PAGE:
I'm watching a stand up of Janeane Garofalo. She is saying she hates high fashion and models and then she says:

You know, and when there are statistics, you know. Five-ten, one-twenty, fuck you. And stop making me feel bad about the way I look at myself. Stop it, TV. And stop it, movies...

Can anyone help me and tell me what "five-ten" and "one-twenty" refer to?

  • Aside: "you know: five-ten, one-twenty" is a phrase providing an example of "statistics".
    – user66219
    Mar 4, 2017 at 4:45

3 Answers 3


Very plausibly sizes : 5 feet 10 inches, and 120 pounds. Models are notoriously required to be tall and thin.

EDIT In metric that's around 1.78 m and 54 kg.

  • 4
    You are awesome for including the conversion to metric. Thank you! Without it, that is a completely obscure statement; with it, slightly less so.
    – KlaymenDK
    Mar 6, 2017 at 9:50
  • 2
    As an additional conversion, in traditional British measures this would be "8 stone 8 pounds", 1 stone being 14 pounds. So a British speaker (of a certain generation) might have expressed the same as "five-ten, eight-eight", or more clearly "five foot ten, eight stone eight".
    – IMSoP
    Mar 6, 2017 at 11:50
  • 1
    Good answer! And simply because I can nitpick: one usually write metric lengths as 1.78 m, writing it as 1m78 does not make sense since the fraction is part of the same unit.
    – Mrkvička
    Mar 6, 2017 at 12:25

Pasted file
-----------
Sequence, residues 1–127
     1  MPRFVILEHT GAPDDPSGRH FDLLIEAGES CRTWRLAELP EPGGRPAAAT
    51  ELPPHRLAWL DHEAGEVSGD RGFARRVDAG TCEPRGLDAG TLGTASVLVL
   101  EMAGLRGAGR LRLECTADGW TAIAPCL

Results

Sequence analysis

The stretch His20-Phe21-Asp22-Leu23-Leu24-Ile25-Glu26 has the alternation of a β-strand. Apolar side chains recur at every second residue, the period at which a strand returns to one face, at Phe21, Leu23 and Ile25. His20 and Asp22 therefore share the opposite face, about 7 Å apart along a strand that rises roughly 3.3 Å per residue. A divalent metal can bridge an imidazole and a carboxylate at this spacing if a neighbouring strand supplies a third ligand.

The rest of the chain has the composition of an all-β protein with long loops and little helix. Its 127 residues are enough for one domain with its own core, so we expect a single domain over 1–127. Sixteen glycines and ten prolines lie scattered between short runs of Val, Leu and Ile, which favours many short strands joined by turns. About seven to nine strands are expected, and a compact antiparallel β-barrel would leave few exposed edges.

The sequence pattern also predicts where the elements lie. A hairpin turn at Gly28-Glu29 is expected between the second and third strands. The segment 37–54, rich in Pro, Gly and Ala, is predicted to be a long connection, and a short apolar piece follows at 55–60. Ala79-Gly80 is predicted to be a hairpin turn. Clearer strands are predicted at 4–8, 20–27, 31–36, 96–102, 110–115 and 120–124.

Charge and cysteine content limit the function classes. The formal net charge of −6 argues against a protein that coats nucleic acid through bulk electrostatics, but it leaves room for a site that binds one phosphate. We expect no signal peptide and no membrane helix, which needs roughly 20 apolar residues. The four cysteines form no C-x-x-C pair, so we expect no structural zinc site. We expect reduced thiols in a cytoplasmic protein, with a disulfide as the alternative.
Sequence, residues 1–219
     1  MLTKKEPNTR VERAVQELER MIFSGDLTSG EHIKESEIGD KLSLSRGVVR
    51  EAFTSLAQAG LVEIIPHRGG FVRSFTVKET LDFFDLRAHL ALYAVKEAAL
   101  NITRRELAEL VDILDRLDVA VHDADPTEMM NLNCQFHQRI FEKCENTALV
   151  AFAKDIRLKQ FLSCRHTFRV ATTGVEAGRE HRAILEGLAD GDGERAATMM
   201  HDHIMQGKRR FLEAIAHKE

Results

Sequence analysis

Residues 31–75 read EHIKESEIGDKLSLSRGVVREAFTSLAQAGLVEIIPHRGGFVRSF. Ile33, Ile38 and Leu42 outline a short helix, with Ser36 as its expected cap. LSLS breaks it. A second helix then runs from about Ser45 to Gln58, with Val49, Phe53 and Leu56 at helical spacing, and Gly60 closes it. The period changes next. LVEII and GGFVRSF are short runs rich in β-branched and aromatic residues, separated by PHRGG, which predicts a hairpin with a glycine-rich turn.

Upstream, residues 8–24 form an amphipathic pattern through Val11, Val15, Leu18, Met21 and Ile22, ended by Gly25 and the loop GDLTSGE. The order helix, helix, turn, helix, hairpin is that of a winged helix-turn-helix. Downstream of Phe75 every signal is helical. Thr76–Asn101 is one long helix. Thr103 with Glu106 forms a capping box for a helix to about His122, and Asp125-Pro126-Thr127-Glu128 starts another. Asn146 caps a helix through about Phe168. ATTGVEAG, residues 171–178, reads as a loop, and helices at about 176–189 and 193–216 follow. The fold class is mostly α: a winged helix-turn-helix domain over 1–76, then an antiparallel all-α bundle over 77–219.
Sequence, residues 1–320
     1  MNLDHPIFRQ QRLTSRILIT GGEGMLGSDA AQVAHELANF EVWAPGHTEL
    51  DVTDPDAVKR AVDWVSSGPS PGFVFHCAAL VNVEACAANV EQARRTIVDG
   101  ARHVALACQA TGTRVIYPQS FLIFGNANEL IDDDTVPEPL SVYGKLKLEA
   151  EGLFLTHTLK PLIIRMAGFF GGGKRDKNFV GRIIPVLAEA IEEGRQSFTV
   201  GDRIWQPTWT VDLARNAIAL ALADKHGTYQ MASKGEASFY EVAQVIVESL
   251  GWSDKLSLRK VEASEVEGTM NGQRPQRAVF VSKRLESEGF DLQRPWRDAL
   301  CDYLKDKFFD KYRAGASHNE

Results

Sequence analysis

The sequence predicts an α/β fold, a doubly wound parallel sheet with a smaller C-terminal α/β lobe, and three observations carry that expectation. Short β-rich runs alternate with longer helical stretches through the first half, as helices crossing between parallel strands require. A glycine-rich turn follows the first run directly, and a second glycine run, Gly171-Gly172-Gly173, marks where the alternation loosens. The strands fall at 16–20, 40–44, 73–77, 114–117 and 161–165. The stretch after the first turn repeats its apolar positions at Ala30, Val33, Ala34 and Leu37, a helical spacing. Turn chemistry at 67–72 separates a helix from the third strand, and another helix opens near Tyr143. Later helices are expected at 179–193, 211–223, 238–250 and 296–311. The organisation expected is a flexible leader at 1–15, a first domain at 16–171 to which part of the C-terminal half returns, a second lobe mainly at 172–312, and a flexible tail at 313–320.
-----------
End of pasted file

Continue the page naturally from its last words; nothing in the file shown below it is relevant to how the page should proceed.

• 2
    @Mrkvička Ah, I see checking Google that indeed "1mXX" for heights seems to be a French convention that isn't as common in English. I'll change it then.
    – Oosaka
    Mar 6, 2017 at 15:24
  • 1
    I didn't know the French actually wrote it 1mXX, I thought that was just when talking - all texts books we had when I studied French wrote it the "normal" way of 1.XX m or, rather, 10.YY € (as it was more common with numbers for prices than length in the sentences we learned); I guess it was written that way to make it easier to learn. Well, one learn something new every day, just unfortunate that I cannot give you an extra +1 for it...
    – Mrkvička
    Mar 7, 2017 at 7:49

She is referring to a typical model's height and weight, '5 foot 10 inches tall and weighing 120 lbs'. Not sure how this converts to metric but would indicate a tall, thin person in US.


They refer to the model's physical measurements: 5'10", 120 pounds.


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